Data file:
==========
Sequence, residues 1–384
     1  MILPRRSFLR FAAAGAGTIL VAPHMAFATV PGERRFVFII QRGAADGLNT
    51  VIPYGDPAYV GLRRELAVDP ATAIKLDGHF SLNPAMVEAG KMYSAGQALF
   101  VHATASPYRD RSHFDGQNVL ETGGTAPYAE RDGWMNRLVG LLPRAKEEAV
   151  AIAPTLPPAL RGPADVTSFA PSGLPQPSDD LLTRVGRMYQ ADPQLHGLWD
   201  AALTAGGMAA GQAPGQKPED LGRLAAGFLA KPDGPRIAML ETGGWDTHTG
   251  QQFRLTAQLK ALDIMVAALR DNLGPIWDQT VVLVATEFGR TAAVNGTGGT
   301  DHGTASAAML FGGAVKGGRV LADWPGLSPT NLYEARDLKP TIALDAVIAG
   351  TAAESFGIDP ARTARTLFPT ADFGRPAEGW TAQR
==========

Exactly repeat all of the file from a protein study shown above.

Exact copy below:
Sequence, residues 1–384
     1  MILPRRSFLR FAAAGAGTIL VAPHMAFATV PGERRFVFII QRGAADGLNT
    51  VIPYGDPAYV GLRRELAVDP ATAIKLDGHF SLNPAMVEAG KMYSAGQALF
   101  VHATASPYRD RSHFDGQNVL ETGGTAPYAE RDGWMNRLVG LLPRAKEEAV
   151  AIAPTLPPAL RGPADVTSFA PSGLPQPSDD LLTRVGRMYQ ADPQLHGLWD
   201  AALTAGGMAA GQAPGQKPED LGRLAAGFLA KPDGPRIAML ETGGWDTHTG
   251  QQFRLTAQLK ALDIMVAALR DNLGPIWDQT VVLVATEFGR TAAVNGTGGT
   301  DHGTASAAML FGGAVKGGRV LADWPGLSPT NLYEARDLKP TIALDAVIAG
   351  TAAESFGIDP ARTARTLFPT ADFGRPAEGW TAQR